The patient is a 59-year-old woman who had experienced a fracture of her left proximal femur at age 32. Radiographs revealed a fracture of the femoral neck through an abnormal expansile, ground-glass–like area.
Djamil Fertikh, MD
, Mercy Catholic Medical Center, Medical Imaging Department,
The patient is a 59-year-old woman who had experienced a
fracture of her left proximal femur at age 32. Radiographs revealed
a fracture of the femoral neck through an abnormal expansile,
ground-glasslike area. A whole-body technetium-99m methylene
disphosphonate (MDP) bone scan was performed, showing in addition
to the left femur, several areas of abnormal radiotracer uptake,
including the left mandible, both humeri, and the left tibia
(Figure 1). Magnetic resonance images (MRI) of the right hip were
obtained subsequently (Figure 2). Her medical history was
significant for precocious puberty, hypothyroidism, and the
presence of skin café-au-lait spots.
Fibrous dysplasia and intramuscular myxomas: Mazabraud's
Radiographs show ground-glass areas involving the left femur,
tibia, and fibula (Figure 3). A whole-body technetium-99m MDP bone
scan revealed abnormal areas of radiotracer uptake involving the
right proximal femur, the right mandible, both humeri, and the left
MRI of the patient's left hip showed multiple, well demarcated,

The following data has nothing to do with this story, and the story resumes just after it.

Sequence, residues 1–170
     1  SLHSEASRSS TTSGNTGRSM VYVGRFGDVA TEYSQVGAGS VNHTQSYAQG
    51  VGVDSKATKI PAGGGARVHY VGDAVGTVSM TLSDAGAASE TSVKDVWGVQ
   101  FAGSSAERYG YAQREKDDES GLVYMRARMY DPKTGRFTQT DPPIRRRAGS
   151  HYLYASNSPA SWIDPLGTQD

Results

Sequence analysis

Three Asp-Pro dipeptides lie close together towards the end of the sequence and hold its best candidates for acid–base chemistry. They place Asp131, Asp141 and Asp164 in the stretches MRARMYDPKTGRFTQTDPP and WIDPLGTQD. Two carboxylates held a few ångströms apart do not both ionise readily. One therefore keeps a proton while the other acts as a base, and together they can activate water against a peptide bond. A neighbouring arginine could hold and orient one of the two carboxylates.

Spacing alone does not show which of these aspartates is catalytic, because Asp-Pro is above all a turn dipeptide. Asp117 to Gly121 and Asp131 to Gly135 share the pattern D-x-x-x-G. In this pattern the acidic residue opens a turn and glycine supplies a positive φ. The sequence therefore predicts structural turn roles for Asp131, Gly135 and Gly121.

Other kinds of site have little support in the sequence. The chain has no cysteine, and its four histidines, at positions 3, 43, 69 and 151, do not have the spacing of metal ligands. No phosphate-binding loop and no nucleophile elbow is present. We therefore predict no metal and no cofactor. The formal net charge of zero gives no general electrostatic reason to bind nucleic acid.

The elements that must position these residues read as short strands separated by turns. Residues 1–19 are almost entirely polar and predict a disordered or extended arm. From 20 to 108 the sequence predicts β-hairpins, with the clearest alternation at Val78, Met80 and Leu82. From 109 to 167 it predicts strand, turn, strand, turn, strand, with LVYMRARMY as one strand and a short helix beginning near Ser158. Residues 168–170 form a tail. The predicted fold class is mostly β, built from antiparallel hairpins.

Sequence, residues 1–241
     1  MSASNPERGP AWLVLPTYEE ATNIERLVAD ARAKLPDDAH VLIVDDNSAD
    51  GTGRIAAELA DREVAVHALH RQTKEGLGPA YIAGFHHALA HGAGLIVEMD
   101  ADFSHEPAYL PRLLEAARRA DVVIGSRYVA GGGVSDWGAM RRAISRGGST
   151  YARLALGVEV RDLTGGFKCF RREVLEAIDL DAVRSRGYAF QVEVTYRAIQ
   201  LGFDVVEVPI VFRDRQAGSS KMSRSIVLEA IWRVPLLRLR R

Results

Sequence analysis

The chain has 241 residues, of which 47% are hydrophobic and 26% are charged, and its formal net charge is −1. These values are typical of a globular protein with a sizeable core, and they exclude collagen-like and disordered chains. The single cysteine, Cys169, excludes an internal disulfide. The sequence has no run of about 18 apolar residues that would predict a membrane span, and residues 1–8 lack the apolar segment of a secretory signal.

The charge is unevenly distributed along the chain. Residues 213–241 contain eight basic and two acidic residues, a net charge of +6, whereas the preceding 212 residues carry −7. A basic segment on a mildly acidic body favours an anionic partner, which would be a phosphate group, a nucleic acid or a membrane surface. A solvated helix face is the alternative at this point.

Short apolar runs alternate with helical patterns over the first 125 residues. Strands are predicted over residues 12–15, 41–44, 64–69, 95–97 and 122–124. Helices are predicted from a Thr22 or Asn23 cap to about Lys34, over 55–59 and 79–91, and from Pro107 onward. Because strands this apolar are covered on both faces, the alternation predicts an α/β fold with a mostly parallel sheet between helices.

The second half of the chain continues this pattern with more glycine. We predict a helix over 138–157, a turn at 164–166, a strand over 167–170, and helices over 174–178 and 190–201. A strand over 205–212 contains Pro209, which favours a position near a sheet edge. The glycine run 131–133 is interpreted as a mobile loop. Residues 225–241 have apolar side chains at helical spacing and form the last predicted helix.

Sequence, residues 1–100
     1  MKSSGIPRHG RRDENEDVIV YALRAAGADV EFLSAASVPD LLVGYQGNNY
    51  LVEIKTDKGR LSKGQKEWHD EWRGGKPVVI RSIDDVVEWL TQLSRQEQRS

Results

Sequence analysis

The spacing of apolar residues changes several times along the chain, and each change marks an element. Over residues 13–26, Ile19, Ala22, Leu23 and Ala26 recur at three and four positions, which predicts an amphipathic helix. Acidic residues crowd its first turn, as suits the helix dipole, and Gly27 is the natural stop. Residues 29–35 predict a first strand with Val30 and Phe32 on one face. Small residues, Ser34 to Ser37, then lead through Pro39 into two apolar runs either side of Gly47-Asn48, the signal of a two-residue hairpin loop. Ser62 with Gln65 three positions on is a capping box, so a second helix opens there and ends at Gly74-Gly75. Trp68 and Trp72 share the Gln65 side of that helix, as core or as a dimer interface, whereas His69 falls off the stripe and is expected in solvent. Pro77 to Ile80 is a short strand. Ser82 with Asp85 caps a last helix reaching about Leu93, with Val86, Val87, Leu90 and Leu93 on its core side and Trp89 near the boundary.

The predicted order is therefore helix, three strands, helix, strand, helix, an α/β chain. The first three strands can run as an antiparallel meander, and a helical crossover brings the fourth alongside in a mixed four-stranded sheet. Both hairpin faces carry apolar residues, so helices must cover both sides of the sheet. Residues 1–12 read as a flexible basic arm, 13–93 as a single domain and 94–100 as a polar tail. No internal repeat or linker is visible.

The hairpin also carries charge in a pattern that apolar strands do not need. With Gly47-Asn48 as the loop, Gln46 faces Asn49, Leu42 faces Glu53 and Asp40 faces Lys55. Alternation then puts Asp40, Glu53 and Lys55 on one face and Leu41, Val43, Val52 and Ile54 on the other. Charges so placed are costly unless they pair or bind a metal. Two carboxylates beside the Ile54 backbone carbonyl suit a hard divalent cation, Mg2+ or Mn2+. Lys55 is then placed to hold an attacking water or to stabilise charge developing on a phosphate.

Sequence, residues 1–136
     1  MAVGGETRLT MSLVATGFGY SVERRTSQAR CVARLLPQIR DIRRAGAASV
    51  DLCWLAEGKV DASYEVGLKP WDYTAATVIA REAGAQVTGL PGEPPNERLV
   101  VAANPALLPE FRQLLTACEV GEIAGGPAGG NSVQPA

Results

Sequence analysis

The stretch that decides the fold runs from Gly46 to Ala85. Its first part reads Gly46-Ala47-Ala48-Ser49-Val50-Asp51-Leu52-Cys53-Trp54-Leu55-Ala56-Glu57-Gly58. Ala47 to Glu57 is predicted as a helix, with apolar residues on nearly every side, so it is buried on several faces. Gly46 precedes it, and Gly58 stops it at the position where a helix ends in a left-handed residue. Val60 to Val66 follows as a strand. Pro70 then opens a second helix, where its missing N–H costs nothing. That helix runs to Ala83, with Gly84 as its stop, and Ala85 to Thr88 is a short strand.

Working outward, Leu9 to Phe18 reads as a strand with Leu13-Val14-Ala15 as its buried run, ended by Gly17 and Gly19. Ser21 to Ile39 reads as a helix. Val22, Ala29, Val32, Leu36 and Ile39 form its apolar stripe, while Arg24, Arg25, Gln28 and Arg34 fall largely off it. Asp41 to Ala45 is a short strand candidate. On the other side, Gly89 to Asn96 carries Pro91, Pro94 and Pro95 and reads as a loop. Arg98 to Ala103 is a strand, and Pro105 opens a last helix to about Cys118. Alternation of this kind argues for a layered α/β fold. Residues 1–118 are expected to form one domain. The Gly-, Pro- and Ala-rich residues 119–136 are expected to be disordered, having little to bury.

intramuscular soft-tissue masses of different sizes, which were
characterized by a low signal intensity (SI) on T1-weighted images
and a high SI on T2-weighted images (Figure 2).
Mazabraud's syndrome is a rare entity represented by the
association of fibrous dysplasia and intramuscular myxomas. Their
association was first reported in 1957 by A. Mazabraud, a French
Mazabraud's syndrome does not appear to be hereditary and occurs
mostly in women. The myxomas tend to develop and congregate around
the thighs, buttocks, and shoulder regions. Their neoplastic nature
has been questioned over time. Considering their tendency to group
close to the affected segments of the bone involved by fibrous
dysplasia, they are believed to be a reactive phenomenon due to
local mechanical stress factors. Supporting this hypothesis is the
fact that, histologically, they appear to be very close to synovial
mucoid cysts occurring in stressed articulations.
Others hypothesize that they may be extraosseous manifestations of
When compared with isolated myxomas, their tendency to reoccur
after removal is very low; however, note the postsurgical
recurrence in this patient. As in our patient, the polyostotic form
of fibrous dysplasia is predominant. Malignant transformation (eg,
osteosarcoma, fibrosarcoma) in Mazabraud's syndrome has been
reported, but the incidence remains very low.
For the myxomas, early surgery is usually advocated,
since involvement of neurovascular structures in advanced cases
renders excisions more laborious.
MRI has been used to evaluate the syndrome.
We found it a more useful imaging tool than the CT scan for
presurgical evaluation of the anatomy and the extent of the lesion.
Awareness of the syndrome and its presentation is essential in
distinguishing myxomas from other malignant mesenchyal tumors with
myxomal components such as liposarcomas, botyroid-type
rhabdomyosarcomas, malignant fibrous histocytomas, extraskeletal
chondrosarcomas, and neurofibromatosis, and consequently precluding
the need for additional expensive and often stressful